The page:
I would like to renew Elder Roberts’s call for a more candid discussion of the foundations of the church beginning with the Book of Mormon. I discuss these issues in eight chapters, the first of which evaluates Joseph Smith’s efforts at translation. Chapters 2-4 examine Joseph’s intellectual environment, including the King James Bible, evangelical religion, and American antiquities, all of which influenced the content of the Book of Mormon. Chapter 4 also discusses religious feelings and the Holy Ghost. Chapters 5-6 reveal the impact of folk beliefs on two early claims of Mormonism. Chapters 7-8 investigate priesthood restoration and Joseph’s first vision, detailing the developments and what precipitated the changes in the history of these two experiences.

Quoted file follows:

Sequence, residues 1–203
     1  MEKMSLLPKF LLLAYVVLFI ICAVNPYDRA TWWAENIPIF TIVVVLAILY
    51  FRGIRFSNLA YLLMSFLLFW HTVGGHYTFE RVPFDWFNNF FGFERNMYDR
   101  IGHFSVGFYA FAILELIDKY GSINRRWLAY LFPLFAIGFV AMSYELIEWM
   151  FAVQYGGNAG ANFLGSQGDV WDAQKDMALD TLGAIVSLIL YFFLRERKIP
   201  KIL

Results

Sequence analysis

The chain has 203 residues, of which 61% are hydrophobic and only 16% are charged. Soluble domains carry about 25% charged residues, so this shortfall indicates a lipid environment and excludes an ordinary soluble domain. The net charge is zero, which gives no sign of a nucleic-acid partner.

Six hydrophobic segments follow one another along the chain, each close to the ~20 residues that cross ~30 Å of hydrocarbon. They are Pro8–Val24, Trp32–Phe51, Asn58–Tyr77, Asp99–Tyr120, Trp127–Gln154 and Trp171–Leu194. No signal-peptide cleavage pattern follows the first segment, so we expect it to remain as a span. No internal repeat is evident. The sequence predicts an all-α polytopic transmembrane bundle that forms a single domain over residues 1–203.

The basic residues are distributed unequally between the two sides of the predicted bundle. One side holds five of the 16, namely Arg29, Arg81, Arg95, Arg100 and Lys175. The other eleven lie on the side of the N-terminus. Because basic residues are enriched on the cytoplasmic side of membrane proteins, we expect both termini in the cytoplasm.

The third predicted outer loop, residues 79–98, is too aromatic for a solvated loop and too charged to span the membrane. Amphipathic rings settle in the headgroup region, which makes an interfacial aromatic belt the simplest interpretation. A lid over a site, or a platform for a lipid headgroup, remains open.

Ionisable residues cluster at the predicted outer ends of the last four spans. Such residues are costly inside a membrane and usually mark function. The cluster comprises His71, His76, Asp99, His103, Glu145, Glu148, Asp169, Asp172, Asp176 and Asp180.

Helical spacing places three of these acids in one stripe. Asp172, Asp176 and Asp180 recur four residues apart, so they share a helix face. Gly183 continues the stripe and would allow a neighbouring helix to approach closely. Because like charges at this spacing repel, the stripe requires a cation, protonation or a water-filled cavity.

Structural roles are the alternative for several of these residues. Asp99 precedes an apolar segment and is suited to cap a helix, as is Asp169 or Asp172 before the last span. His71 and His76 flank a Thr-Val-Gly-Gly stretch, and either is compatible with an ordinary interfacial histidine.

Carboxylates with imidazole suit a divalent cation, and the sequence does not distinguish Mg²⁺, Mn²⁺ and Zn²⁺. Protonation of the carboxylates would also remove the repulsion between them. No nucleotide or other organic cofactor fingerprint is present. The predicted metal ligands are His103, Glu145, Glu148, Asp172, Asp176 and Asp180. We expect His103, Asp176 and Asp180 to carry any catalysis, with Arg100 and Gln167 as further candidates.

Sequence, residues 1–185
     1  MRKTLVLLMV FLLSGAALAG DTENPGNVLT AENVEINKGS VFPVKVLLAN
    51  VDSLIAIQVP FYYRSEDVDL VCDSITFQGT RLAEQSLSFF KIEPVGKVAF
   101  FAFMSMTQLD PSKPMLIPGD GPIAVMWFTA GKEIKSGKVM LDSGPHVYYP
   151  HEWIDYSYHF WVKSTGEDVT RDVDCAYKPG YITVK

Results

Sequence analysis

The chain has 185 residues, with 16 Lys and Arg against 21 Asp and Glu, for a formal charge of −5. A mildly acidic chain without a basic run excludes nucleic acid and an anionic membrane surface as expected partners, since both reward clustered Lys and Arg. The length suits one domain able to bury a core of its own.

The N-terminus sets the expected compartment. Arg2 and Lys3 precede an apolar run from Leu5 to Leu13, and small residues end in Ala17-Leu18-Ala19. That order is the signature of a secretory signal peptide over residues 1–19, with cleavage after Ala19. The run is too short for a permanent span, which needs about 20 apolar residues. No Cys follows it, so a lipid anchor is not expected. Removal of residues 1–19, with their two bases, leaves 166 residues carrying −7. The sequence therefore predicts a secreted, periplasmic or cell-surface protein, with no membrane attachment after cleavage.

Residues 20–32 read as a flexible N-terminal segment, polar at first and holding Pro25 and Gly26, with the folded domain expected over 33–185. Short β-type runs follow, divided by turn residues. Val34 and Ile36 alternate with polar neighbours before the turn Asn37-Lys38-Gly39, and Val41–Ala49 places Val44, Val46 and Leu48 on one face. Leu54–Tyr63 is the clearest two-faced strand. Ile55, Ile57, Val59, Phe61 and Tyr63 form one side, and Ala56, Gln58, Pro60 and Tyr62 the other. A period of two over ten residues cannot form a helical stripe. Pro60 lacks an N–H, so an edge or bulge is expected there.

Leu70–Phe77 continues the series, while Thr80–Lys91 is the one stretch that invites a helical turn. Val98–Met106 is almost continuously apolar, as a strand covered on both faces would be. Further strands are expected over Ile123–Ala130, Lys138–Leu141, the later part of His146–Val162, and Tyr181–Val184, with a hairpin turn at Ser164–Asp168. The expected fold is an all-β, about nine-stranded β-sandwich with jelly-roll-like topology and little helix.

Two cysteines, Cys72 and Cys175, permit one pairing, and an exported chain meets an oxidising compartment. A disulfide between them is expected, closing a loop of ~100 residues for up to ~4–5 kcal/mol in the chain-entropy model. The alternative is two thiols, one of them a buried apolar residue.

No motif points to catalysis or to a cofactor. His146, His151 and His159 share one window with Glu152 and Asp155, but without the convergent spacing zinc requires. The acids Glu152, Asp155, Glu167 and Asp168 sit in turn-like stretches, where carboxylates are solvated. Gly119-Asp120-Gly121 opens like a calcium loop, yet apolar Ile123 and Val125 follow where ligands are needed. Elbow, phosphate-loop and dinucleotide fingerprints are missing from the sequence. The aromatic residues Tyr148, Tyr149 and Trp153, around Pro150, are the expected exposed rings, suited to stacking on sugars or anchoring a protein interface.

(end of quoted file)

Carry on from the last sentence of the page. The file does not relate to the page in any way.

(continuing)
I wish to thank my friends and colleagues who agreed to be readers of my first and subsequent drafts for their many helpful suggestions and encouragement. It is good to have critics, but it is also good to have such reassuring friends.